Continued Dog Burial Research in Tennessee.

30 Days of Tennessee Archaeology, Day 29

Meagan Dennison
University of Tennessee, Knoxville

In 2014, I blogged about indigenous dogs from Tennessee for TCPA’s inaugural 30 Days of Archaeology, just as I was getting started with my dissertation research on dog burials. These days, I am deeply entrenched in data collection on dog burials from prehistoric and Historic Cherokee archaeological sites in the Tennessee River Valley, and nearby areas – I am even writing this from my hotel while out on a research trip. Through skeletal and dietary analyses, I am finding out how dogs and people coexisted in the past, and how this relationship changed through time.

Dog burials are common from the Tennessee River Valley, and Tennessee in general (see Lacey Fleming’s 2015 TCPA blogpost for discussions of several dog burials from Middle Tennessee). As part of my data collection efforts, I have noted at least 120 dog burials from just the Tennessee River Valley in Tennessee alone. Around 150 additional dog burials have been uncovered from the section of the Tennessee River which runs through Northern Alabama.

For me, the dogs I find most fascinating are the Archaic dogs from the Tennessee River Valley in West Tennessee. I spent many weekends of my childhood at my grandparents’ river house near Lick Creek, which feeds into the Tennessee River just south of I-40. I distinctly remember once wading out into the water to swim and stepping on something that felt quite different from the other rocks. Back then, I called it an “arrowhead.” It was only after I started studying archaeology in college that I learned the full extent of the prehistory in this region. During the Middle and Late Archaic Periods (ca. 8,000-3,500 years ago), mobile groups of foragers occupied this portion of the Tennessee River Valley, moving from base camp to base camp, where they created large trash middens composed of mainly fresh-water mussel shell, but also lithic artifacts, animal bone, and plant remains. These middens, often referred to as “shell middens” or “shell mounds,” accumulated gradually over time, and were also used as cemeteries for both people and dogs. Archaeologists Madeline Kneberg and Tom Lewis focused primarily on excavating these shell midden sites during the 1940s, prior to TVA dam construction and subsequent inundation.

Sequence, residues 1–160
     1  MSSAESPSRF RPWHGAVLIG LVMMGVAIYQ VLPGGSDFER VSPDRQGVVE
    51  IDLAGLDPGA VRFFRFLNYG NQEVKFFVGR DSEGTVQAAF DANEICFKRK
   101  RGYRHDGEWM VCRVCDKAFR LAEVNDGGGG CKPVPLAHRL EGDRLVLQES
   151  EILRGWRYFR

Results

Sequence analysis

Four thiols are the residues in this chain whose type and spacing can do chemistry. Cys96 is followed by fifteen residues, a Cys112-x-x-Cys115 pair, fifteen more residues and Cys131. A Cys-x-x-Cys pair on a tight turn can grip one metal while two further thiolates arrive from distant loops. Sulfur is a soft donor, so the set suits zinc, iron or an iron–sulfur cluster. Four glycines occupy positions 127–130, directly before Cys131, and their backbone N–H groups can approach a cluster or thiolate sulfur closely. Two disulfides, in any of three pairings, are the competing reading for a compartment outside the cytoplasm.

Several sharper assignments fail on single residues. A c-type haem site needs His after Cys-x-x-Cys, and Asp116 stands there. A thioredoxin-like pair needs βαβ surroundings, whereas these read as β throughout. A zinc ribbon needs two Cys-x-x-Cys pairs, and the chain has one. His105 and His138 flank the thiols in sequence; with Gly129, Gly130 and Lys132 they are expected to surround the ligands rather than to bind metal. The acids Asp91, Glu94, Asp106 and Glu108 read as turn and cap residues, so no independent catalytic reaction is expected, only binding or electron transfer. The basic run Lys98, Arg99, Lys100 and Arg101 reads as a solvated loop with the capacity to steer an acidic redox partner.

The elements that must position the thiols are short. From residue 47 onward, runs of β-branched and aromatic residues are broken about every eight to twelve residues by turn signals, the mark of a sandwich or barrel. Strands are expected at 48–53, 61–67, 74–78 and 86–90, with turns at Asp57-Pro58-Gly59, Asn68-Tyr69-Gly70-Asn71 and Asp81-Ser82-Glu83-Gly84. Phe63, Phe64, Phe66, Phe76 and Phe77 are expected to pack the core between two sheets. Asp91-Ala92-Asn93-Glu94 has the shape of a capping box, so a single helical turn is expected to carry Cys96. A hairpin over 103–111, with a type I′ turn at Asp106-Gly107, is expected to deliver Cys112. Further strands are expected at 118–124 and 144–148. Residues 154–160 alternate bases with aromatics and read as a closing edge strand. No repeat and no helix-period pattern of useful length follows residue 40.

WPA/TVA Archaeology Photographs, 1930s-1940s

Figure 1: Dog burial from the Eva Site, Benton County, TN. Photo courtesy of the McClung Museum of Natural History and Culture and University of Tennessee Libraries WPA/TVA Archaeological Photographs.

Kneberg and Lewis, and their field crews, uncovered a total of 51 dog burials from seven of these Middle and Late Archaic sites in West Tennessee, including Big Sandy, Cherry, Eva, Kays Landing, Ledbetter Landing, McDaniel, and Oak View Landing (Bissett 2014; Lewis and Kneberg 1947, 1959; Lewis and Lewis 1961). Only 10 of these dogs were associated with human burials, while the rest were buried in their own graves. Dogs were purposefully placed in a curled up, or flexed, position (see Figure 1), indicating that they were buried soon after death, and with care. People buried in these shell middens were also commonly interred in a flexed position. These dogs were small in size, only about the size of a beagle (Worthington 2008), yet their skeletons display numerous pathologies, especially on their heads, legs and spines (Warren 2004). The high frequency of pathologies may indicate that dogs were not merely pets or commensals, but were involved in more strenuous activities.

Pathologies on the spinous processes of dog vertebrae, particularly healed fractures result in an overtly curved shape (see Figure 2), may be the result of pack-carrying. Although small in stature, the Archaic dogs may have served as beasts of burden for mobile, foraging Archaic groups (Walker et al. 2005; Warren 2004). Eighteen of the 51 dogs mentioned above have these characteristic curved spinous processes on one or more of their vertebrae (Warren 2004). Even though dogs were small, if a dog carried 10 pounds of resources or belongings, they could unburden a person from having to carry this weight. Of course, we don’t know how heavy dogs’ packs were, or how many dogs groups of people maintained at one time, or even how far they would have traveled while carrying packs. However, given the consistency of these pathologies, and the careful burial treatment, the Archaic in West Tennessee were likely an integral part of the society and a great aid to a mobile lifestyle. Aside from pack carrying, these dogs may have also served as hunting companions, pets, camp ‘garbage disposers,’ bed-warmers, or as guards (Manwell and Baker 1984). Dog burials continued in the Tennessee River Valley in West Tennessee well into the Woodland and Mississippian Periods.